I’m told this cover was not actually supposed to be completely impossible to see. That they used the wrong kind of paper stock, so the embossed image and text (Which says “A Death In The Family” in addition to the logo, a phrase literally any comics fan of the period would associate with the death of Batman’s 2nd Robin, Jason Todd, so good choice) weren’t supposed to vanish into gray nothing. But they sure did! Not the best way to kick off this 400th anniversary milestone. Behind the tombstone, a 2nd Spider-Man.
“Hello.” First up: Stan Lee here to tell his oft-repeated, thoroughly debunked origin of Spider-Man:
The whole tale he so frequently repeated simply did not happen. The notion that Martin Goodman was somehow against heroes with regular problems is the weirdest bit, considering that was Fantastic Four’s big hook a year prior, kicking off The Marvel Age of Comics. But, Stan was Stan. Best not to devote too much time to that here. Maybe when I get to Amazing Fantasy 15 someday. Right now, we gotta see who dies, and if you don’t know, I assume you can guess. We open on Spider-Man swinging through the city as fast as humanly possible to get to the hospital where Aunt May is. As Jacob Raven silently watches from down the hall, when he asks Dr. Caputo how she’s doing, the doc says to ask her himself.
Yeah, Ben, what are you thinking? You’re so irresponsible. Not like Peter. Peter would never do something to endanger his sick aunt, like barge into the hospital room where she’s recovering from a heart attack in his Spidey suit, only to cause a second heart attack like the world’s stupidest stupid, no sir. He’s responsible. Anyway, Ben swings off, brooding about how he doesn’t belong here, how he came here for May and now that she’s better, he should leave, but doesn’t want to. Then he catches a glimpse of Kaine in the lightning of the evening’s storm, and thinks he still doesn’t know why Kaine has been haunting him all these years. Then we switch to The Jackal in Ravencroft, playing up being crazy. He stops raging just long enough to tell a passing guard he’s here because he wants to be and try to scare him before going back to screaming. Who cares about that, we care about this:
She’s got an Aunt May Sense! Peter worries that maybe he’s not capable of being happy (Never change, JM!) when Ben shows up, all kitted out as The Scarlet Spider in broad daylight, and says they need to talk. And then Peter takes him outside to talk… ALSO in costume! What a couple of dumb dumbs. They really are the same person.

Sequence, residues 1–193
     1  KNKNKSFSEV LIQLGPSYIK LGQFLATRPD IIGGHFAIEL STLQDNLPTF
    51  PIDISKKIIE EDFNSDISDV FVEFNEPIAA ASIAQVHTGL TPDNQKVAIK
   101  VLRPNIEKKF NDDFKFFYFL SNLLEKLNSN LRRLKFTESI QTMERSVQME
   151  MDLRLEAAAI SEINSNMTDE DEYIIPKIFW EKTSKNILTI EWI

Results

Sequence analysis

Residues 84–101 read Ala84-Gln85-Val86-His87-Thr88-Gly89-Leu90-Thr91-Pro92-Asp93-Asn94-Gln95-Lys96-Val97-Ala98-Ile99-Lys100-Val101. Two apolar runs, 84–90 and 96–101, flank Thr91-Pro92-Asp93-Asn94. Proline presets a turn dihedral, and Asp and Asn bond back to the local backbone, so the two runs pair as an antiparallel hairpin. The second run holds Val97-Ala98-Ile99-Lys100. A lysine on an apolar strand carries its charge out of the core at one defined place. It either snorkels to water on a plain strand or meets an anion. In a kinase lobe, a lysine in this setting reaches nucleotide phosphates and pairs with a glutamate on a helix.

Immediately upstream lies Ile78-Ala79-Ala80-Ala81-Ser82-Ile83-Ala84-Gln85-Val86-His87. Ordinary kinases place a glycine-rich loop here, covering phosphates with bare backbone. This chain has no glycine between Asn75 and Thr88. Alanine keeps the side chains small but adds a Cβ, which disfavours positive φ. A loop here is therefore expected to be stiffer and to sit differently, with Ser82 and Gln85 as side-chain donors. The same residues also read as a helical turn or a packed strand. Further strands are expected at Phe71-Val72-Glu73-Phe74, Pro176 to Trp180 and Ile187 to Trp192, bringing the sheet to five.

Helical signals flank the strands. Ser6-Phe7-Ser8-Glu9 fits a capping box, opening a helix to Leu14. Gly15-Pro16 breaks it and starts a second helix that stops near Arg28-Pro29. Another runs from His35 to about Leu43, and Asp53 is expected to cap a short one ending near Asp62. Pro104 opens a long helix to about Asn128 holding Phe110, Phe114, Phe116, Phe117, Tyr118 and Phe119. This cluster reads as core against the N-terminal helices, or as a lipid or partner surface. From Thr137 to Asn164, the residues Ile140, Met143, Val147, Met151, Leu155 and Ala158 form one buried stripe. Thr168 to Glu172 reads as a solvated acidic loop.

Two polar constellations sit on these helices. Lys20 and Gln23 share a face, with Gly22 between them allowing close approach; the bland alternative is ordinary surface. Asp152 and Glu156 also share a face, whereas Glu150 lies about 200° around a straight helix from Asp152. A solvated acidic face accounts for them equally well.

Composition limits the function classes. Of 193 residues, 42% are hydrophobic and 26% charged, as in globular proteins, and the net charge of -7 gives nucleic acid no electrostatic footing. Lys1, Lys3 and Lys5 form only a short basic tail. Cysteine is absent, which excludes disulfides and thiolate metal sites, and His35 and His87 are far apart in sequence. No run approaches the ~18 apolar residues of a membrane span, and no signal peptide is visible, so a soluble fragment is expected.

–again. And he bounds away. Would that that were the end of it. As Spider-Man watches him go instead of getting inside before someone sees him, Aunt May and MJ talk about how long it took her & Anna to get MJ & Peter together, but how MJ & Peter were “always best friends.” Uh… Ok. I mean, not really, like, at all, but… ok. I get it. We’re being nostalgic, that rarely involves reality. May says the baby is blessed to have MJ for a mother, and MJ says they’re blessed to have May. Then Mary Jane and Peter watch some old home movies of him as a small child.
My gripes with DeMatteis are no secret around here, but maybe the biggest is, he can do this scene. He can write really enjoyable human drama stuff. He can write a very human Aunt May. Why did he insist on all that idiotic darkness and death all the time? A “normal” Spider-Man comic with our hero out crackin’ jokes and coming home to this sort of deeper interaction with his loved ones would’ve been optimal, and a radical move in 1994. But, no, we gotta do grim-dark sadness fests as often as possible. A wasted opportunity. Aaaaaanyway, that’s Mr. Nacht, part of Judas Traveller’s goth band, and he’s transmitting a report on Peter & Ben to his boss, who says they will soon resume their “little intrusion” into the lives of Peter & Ben. Huzzah. Meanwhile, Ben packs his bags, thinking about his mysterious past and being sad. Hey, remember that 3rd Peter? What’s he doing?
The cop sets off his Spider Sense, which he doesn’t know he has, causing him to leap up the side of a building just like the real Peter did back when he discovered his own powers, and now he’s kinda scared to find out who he really is. I don’t remember where this goes, but it has to be disappointing. Who cares about that, we care about a week later, as Peter takes May up to the top of the Empire State Building, where she thinks aloud about Uncle Ben. Peter asks if she still misses him, as if there could possibly be any answer other than “yes,” and she goes silent.